Minimal Viable Boat

May 20th, 2016

2016-05-13 12.45.56 (Medium) In engineering we talk a lot about the Minimum Viable Product, MVP.  The MVP is the smallest set of features that will allow a product to sell in the market place with the shortest development time.  We often list the features and give them a thumbs up or thumbs down on whether the feature is needed.  When we are done marketing or sales throws out our list and gives up theirs.  Sometimes they are right; sometimes they are wrong.  In either case it is a valuable exercise.

So the time has come to define the Minimal Viable Boat, MVB, so I can do what is important to get the boat in the water and wait on less important items.  The bulkheads have been installed and I am working on the interior sheer clamp, knees, thwarts, bridge deck and anchor deck.  So what do I need to finish to launch Fish Taco?

  1. Cut the Transom.  I need to cut a notch in the transom for mounting the motor.
  2. Purchase and install the battery.  Can’t start the motor without the battery.
  3. Paint the bottom.  The bottom has been primed so I will need at least one coat, preferably three coats of paint.
  4. Knees.  The stern knees and forward knees need to be install to stiffen the boat.
  5. Breasthook.  Like the knees, the breasthook is needed to stiffen the board.
  6. Thwarts.  The two stern thwarts need to be made and installed.  I could build temporary thwarts and replace them later.
  7. Bow Eye.  I will need a way to retrieve Fish Taco onto the trailer so I will need to install the bow eye.  I don’t need to install the transom tie downs since I can put a strap over the entire stern.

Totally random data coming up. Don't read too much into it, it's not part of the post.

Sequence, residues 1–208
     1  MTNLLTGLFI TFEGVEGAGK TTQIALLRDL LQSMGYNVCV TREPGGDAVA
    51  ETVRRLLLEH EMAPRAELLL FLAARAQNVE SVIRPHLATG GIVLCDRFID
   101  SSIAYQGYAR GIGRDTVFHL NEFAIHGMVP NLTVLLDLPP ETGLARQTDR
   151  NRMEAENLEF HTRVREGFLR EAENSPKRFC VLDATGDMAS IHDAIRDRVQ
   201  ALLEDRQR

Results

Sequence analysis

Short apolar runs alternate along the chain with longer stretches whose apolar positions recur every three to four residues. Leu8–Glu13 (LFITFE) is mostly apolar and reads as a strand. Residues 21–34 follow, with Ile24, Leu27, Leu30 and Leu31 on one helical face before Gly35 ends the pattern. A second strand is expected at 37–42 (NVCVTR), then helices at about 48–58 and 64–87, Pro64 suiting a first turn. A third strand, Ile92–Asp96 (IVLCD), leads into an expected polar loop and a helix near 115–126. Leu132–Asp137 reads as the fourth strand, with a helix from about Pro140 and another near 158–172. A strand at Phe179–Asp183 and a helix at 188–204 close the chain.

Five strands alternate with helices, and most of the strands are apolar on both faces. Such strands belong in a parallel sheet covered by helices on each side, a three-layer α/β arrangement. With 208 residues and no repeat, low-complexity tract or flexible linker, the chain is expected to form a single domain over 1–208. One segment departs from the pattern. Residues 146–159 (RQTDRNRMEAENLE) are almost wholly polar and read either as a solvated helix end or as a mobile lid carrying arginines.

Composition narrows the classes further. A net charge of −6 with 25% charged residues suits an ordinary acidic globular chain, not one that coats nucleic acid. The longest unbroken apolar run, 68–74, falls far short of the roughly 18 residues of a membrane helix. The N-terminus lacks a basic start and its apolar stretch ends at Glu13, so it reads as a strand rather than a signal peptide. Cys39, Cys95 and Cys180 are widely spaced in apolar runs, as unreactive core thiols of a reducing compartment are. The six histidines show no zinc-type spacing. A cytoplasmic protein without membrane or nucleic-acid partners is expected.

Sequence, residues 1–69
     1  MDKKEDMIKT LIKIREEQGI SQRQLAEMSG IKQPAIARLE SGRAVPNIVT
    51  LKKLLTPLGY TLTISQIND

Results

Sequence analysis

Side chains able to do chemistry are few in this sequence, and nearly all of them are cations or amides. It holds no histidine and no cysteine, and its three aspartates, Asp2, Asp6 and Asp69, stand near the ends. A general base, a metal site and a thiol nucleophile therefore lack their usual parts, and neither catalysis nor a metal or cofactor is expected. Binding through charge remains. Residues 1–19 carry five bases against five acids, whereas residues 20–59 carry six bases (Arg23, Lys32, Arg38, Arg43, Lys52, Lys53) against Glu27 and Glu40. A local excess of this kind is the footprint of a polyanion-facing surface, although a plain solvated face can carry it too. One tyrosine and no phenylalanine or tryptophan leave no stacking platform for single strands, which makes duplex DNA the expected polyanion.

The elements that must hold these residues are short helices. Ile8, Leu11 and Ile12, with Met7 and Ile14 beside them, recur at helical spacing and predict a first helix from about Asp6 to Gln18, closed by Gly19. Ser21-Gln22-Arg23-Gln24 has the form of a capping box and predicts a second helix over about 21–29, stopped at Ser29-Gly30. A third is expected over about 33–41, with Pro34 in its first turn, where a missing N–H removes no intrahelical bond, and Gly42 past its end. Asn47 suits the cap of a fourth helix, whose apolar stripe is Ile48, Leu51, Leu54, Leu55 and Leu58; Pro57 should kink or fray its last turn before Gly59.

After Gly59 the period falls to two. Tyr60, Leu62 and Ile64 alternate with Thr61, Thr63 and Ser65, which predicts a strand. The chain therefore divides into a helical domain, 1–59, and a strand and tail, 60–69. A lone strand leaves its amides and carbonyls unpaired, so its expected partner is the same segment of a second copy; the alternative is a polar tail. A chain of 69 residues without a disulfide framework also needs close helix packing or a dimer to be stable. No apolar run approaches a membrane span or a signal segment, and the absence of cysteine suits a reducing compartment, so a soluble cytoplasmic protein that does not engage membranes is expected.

8. Trailer.  Fish Taco is too big to fit in the back of the truck so I need a trailer.  Two friends have offered the use of their trailers so I can borrow one until I get Fish Taco a trailer of her very own.

Now I get to the list of items that would be nice to finish but are not part of the MVB.

  1. Drain tube for mid storage.  I have cut a piece of 1 inch PVC pipe in half lengthwise and it is epoxied into place and covered with fiberglass.  This won’t take a lot of time so I may do it while I am doing other tasks.
  2. Anchorwell Deck.  A piece of 12mm plywood that covers the forward storage area.  Not hard to make but a lot of fitting to match the shape of the hull.
  3. Bridge Deck.  The plans call for 9mm plywood but I am thinking of epoxying two layers of 4 or 6 mm plywood to set the curve of the bridge deck.  Again not hard to do but a lot of fitting and cutting out the hatch can be tricky.
  4. Interior sheer clamp.  Not part of the plans but I want them because they give you a place to grab if needed.  I have scarfed the two interior sheer clamps and are ready to be planned down to size.  A whole lot of work is involved so this task may fall off the list for now.